Our business is located in Derby, CT. It is a classic "mill town" with much of it's earlier industry focused along both the Housatonic and Naugatuck river to obtain power in the form of canals and sluices running water wheels and machinery. When I say "classic" mill town, I also refer to the demise of industrial businesses, and vacant brick buildings becoming decrepit and eyesores before eventually being demolished. The downtown core has experienced this gradual decline, and it detracts on the surface of what the City has as potential.
Derby is also the smallest "City" in Connecticut (meaning an incorporated municipality).With little real-estate for new business to locate into, and the tax base (Grand List) shrinking as business departs - the burden of operating government falls upon those remaining.
There was a nail clipper manufacturer that operated here for years - gone. Next door to our company was a business that made rubber gasket for washing machines, refrigerators, and automobiles - sold and moved out of state. There were car dealerships - shuttered. There were lumber stores - vacant. Downtown was a national company that processed yearbooks and school photos - consolidated elsewhere. Those are just a few examples of reductions to Derby's Grand List.
There have been new business faces arrive in the City, but they are usually rehabilitations of existing facilities. A Kmart retail store is remade into a Lowes Home Improvement. A Pearl Vision Center becomes a Starbucks. A former Woolworth's retail location becomes a restaurant. None of these are true expansions or growth of our tax base, which is desperately needed.
Despite the arrival or departure of businesses, there are costs that remain to be paid for such as Police, Education, Public Works of Bridges/Roads, etc. The majority of income provided to Connecticut municipalities comes from Property Taxes based upon value assessed of real-property (real-estate and buildings) multiplied against a mill rate. Personal property (cars, trailers, business machinery, office equipment) also generates Property Taxes with the same multiplier of a "mill rate". The mill-rate is set every year via a budget process of elected officials with opportunity for public comment. The assessors valuations used in the calculations of Property Tax due, is 70% of market value.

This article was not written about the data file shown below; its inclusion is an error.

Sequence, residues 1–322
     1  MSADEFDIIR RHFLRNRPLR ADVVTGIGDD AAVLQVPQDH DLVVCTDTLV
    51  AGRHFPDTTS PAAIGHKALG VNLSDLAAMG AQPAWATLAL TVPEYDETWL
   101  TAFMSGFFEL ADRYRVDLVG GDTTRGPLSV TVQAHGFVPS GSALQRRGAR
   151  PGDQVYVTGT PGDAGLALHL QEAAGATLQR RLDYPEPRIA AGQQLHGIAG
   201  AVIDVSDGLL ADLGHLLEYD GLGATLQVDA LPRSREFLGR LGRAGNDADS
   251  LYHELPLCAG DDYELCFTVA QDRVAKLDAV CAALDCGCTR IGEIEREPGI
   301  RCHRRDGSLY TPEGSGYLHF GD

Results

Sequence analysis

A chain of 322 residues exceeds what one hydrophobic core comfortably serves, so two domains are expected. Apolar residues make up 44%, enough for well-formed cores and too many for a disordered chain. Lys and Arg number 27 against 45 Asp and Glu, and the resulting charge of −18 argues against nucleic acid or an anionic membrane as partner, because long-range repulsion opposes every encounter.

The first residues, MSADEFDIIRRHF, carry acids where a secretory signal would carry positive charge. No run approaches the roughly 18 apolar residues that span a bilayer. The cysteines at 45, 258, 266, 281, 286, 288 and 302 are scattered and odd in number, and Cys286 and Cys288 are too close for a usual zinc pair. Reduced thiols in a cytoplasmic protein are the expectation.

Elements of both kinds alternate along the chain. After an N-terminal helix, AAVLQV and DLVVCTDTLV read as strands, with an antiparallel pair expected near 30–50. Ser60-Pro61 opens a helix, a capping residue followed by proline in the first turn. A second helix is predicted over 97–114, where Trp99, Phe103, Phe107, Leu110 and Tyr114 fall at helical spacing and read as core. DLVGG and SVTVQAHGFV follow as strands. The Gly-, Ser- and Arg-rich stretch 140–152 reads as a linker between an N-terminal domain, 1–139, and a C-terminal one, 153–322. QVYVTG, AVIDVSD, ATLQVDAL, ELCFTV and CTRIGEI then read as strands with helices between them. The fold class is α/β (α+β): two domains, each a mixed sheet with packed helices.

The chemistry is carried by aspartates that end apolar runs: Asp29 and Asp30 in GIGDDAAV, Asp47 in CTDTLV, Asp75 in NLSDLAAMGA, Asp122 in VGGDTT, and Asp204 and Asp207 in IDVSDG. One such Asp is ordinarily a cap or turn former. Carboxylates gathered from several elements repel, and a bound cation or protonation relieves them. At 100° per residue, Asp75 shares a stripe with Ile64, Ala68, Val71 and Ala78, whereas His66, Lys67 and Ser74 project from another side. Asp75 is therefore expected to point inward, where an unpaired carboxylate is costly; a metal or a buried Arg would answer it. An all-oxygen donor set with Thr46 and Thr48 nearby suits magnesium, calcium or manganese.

Market values change, and the State of Ct requires a re-valuation periodically of all real property (real-estate and buildings). This occurred in Derby in 2011 and was implemented upon our tax bills for 2012. In "theory" if all property in the city faced a market downturn of 10%, and the mill-rate went up 10%, the net taxes paid would be level to the previous year. The reality is that certain property becomes more valued, some less, some have had improvements since last valuations, and thus the total taxes paid for real-property is a guessing game until the mill-rate is set. It's this guessing game and period of confusion that usually causes incorrect comments by the media or elected officials on the subject.
Lost in such confusion is the fact that the mill-rate is also applied to personal property, and if real-estate values have gone down as a whole across town, and thus the mill rate goes up as a multiplier, then the property tax paid on vehicles, machinery, equipment, etc - will likely go up.
This year offers an extreme of confusion given the disparity of values arrived at in the re-valuation process. To better explain this, I will be open with our information to use as example.
Our facility is located on three parcels of land, all of which abut one another and are within an Industrial Zone that defines how it can be used. Each parcel gets it's own property tax bill as a legal lot of land. Two of the parcels are vacant and are only used for surface storage. They have had no change in character over the past years, and are of similar size.